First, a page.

Reviewed by Kevin Finnerty
“There is no hope. You know that now,” says Hershel (Scott Wilson) to Rick (Andrew Lincoln), devastated after the barn massacre of all the zombies on his farm – including what used to be his wife and step-son – in the season 2 midseason premiere of the horror series, The Walking Dead.
Hershel is not the only one grieving a loss as little Sophia was revealed to be among the flesh-eaters being kept alive in the barn during the time the group had been out looking for her. Her mother, Carol (Melissa Suzanne McBride), is in shock and despair, desperately trying to convince herself her daughter died days ago and what was shot at the barn was nothing more than an undead ghoul and not her dear Sophia.
Meanwhile, Shane (Jon Bernthal) is making no excuses or apologies for the shooting spree he instigated at the barn and doesn’t miss an opportunity to challenge Rick’s authority and try to make himself the new leader of the group. Getting more and more concerned about Shane’s behavior, Dale (Jeffrey DeMunn) tells Lori (Sarah Wayne Callies) he’s convinced Shane killed and sacrificed Otis (Pruitt Taylor Vince) to escape an army of hungry zombies and he believes it’s only a matter of time before Shane kills someone else.
When Hershel is discovered missing from the farm and one of his daughters has gone into extreme shock, Rick and Glenn (Steven Yeun) head into town to try to find him and bring him back home to treat her. This upsets Maggie (Lauren Cohan) who has now truly fallen head over heels for Glenn and fears for his safety out among the ‘Walkers’.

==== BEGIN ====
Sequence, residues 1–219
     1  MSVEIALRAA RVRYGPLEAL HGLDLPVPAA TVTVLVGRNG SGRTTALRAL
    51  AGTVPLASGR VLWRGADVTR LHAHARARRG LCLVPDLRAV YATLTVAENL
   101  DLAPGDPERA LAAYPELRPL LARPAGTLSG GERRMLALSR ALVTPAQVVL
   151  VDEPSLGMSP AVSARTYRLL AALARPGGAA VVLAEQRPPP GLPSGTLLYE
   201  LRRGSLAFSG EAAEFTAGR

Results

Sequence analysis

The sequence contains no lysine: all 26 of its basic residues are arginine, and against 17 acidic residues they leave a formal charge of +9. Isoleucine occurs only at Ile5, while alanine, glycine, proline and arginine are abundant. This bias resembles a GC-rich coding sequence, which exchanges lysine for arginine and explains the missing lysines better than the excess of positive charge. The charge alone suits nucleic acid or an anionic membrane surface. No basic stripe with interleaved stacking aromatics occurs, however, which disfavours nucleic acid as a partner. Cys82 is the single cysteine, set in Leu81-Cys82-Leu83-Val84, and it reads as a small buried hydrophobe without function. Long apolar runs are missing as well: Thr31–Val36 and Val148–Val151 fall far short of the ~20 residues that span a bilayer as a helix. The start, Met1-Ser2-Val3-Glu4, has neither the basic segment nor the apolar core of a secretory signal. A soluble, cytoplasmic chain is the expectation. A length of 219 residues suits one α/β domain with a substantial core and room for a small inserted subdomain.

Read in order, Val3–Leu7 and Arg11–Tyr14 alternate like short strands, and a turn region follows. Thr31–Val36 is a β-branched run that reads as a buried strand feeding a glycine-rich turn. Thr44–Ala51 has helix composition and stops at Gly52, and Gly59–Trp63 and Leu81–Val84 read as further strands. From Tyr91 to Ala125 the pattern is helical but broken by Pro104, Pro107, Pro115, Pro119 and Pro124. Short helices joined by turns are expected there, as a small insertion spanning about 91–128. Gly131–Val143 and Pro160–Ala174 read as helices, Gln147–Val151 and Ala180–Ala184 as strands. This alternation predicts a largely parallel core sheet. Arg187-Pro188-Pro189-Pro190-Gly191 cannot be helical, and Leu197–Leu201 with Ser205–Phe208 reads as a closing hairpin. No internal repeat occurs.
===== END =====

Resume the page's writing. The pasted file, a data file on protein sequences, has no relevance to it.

The Walking Dead: Season 2‘s midseason opener “Nebraska” continues the horror/soap opera series with less suspense and zombie attacks and more human drama and mourning for the loved ones lost. One of the best additions to the series is Scott Wilson as Hershel, the farm-owning doctor who was holding onto the hope eventually a cure would be found and he could save his wife and step-son from being flesh-eating creatures. His character brings emotional depth and spiritual awareness to a very dark and scary show.
Another plus to this season is the romantic relationship between Glenn (Steve Yeun) and Hershel’s daughter, Maggie (Lauren Cohan). The young lover’s plotline has shown a new protective, stronger side to Glenn and the two actors have solid chemistry.
One of the few down points in the series is the continuing downward spiral of Shane from being the strong second in command of the group to the irate, overbearing, violent and obnoxious member of the survivors. Jon Bernthal’s performance has gone from being a bit heavy-handed in some scenes to out and out over-the-top, even for a zombie apocalypse series.
Focused on the slow human drama of the cast and less of the terrifying suspense the series is known for, The Walking Dead benefits from the addition of new interesting and curious characters to an already strong cast. Here’s hoping that the band of survivors will soon leave their failing safe haven of a farm and head back out onto the open road where hope, new challenges, and of course hungry zombies await.